Ask any engineer about their favorite childhood toy, and you're likely to hear a list of nostalgic staples that sparked innovation in all of us who went on to solidify our calling with the title "engineer."
We loved these toys because they allowed us to think of an idea and then actually create it. But, what happens to these young innovators as they become engineering students and their ideas become more complex? Until recently, these students discovered that the gap between toys and industrial tools was an ocean of devices that either catered to their budding yet incomplete knowledge or provided the depth of technical functionality desired, but never both.
Identifying and understanding this deficiency, National Instruments (NI) wanted to create a solution that would provide the ease of learning that students need, while also giving them the power to release their creative potential within the time constraints of a class. For over 30 years, NI has witnessed some of the world's most established engineering companies, as well as some game-changing innovators, like CERN and SpaceX innovate and create incredible systems using our test and measurement technologies.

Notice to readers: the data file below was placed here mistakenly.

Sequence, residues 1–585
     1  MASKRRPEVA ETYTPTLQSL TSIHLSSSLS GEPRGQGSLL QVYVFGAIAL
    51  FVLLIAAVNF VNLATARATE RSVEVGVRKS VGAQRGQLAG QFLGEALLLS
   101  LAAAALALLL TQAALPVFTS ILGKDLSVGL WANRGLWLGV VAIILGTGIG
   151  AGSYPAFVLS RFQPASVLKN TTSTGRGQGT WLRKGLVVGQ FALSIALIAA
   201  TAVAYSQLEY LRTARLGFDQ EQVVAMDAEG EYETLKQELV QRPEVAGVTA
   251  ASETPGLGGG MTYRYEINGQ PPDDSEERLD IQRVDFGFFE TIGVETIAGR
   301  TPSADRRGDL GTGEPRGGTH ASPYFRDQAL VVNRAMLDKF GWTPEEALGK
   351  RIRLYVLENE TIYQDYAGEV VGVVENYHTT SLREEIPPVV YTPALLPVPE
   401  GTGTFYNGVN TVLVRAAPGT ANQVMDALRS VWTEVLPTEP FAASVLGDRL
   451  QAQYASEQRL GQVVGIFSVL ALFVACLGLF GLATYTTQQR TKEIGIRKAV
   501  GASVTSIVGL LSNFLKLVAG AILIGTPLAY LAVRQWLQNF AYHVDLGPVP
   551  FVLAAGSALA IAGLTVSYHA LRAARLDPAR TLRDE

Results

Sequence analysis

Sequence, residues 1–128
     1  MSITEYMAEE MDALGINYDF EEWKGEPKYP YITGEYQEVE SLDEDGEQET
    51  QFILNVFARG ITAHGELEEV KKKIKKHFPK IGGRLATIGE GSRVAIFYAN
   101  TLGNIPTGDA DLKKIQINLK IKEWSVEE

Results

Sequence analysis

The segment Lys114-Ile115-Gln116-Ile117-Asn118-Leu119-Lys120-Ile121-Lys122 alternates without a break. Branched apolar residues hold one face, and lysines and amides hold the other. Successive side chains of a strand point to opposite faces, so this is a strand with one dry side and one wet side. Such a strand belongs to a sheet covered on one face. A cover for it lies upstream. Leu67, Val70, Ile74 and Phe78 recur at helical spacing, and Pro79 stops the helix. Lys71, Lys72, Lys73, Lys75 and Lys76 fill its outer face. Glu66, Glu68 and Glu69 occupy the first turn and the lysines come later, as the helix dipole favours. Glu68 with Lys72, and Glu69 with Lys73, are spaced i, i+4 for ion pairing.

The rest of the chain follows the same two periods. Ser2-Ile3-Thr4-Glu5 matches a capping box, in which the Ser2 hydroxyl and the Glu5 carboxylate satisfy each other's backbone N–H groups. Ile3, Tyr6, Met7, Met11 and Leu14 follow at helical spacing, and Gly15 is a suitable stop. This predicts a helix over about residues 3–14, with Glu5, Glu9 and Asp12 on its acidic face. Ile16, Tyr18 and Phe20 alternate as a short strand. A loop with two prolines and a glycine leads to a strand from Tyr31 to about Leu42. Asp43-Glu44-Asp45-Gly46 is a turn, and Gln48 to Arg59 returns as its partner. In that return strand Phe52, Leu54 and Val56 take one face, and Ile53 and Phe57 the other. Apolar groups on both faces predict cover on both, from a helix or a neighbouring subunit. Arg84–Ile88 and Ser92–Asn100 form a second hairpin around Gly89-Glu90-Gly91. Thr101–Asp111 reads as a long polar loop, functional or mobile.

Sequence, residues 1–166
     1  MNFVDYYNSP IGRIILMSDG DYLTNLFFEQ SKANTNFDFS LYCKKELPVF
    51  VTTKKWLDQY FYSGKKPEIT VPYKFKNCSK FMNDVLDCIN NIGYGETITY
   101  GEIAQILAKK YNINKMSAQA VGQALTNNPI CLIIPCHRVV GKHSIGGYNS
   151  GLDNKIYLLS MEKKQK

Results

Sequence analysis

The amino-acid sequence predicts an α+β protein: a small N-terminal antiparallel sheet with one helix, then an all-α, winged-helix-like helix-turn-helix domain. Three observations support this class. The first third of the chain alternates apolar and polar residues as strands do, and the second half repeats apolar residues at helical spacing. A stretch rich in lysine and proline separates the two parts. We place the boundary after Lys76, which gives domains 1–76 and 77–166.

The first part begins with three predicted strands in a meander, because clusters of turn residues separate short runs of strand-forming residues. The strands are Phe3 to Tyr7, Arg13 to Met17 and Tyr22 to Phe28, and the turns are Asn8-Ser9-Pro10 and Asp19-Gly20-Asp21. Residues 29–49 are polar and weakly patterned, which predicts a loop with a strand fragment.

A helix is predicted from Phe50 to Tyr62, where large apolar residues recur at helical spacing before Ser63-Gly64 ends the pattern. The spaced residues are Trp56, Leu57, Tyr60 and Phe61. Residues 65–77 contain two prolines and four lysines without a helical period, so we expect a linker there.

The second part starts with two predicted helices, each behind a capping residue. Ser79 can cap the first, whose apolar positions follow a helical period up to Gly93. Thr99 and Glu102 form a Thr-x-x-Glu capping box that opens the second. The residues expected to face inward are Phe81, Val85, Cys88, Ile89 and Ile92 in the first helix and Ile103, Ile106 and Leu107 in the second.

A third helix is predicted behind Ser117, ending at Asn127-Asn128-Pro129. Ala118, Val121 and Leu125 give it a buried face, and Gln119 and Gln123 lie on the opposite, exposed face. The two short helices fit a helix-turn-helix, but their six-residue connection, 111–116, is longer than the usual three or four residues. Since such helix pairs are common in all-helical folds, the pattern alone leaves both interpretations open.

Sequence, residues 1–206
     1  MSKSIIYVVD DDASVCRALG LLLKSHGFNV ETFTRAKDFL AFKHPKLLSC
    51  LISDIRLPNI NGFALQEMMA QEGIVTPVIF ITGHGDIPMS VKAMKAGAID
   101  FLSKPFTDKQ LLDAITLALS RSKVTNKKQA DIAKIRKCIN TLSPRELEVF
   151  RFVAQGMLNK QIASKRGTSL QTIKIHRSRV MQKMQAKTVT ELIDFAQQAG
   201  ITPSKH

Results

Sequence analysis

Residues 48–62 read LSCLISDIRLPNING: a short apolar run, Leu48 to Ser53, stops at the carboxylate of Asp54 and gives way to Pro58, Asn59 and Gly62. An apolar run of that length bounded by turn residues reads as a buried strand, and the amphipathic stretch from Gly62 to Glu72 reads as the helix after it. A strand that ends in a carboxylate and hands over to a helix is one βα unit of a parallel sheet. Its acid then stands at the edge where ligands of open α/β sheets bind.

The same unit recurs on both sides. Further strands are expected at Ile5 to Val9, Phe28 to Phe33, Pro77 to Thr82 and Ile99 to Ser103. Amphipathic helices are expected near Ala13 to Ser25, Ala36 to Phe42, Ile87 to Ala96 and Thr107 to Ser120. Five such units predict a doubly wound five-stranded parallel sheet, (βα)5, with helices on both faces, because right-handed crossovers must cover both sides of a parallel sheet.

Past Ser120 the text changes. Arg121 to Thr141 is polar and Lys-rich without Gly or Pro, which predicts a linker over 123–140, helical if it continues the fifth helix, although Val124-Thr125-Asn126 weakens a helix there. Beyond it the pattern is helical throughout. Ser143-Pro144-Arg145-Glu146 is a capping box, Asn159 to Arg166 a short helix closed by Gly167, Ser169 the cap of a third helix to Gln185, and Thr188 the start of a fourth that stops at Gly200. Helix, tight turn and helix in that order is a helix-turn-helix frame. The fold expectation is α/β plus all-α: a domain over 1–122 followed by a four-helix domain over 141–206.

But what about the engineers of tomorrow? How do LEGO bricks and Tinker Toys progress to life-saving medical equipment or the next hybrid electric vehicle? For several years, NI has thought about this question and -- in 2013 -- provided an answer by releasing a new product for students -- NI myRIO. Inspired by the same technology NI has provided to industry customers for years, NI myRIO equips today's students with the tools of their future careers (click here to see a video).
NI myRIO is based on the same LabVIEW RIO architecture as NI's industrially used NI CompactRIO and NI Single-BoardRIO products. These products combine a processor, FPGA, and I/O, and are fully programmable with LabVIEW. In fact, NI myRIO uses the same Xilinx Zynq All-programmable SoC technology found in NI's newest CompactRIO, the cRIO-9068. Complete with 40 digital I/O lines, 10 analog inputs, 6 analog outputs, onboard accelerometer, LEDs and programmable button, students get to leverage copious reconfigurable I/O and boast the use of NI's first WiFi-enabled RIO product all in a handheld device.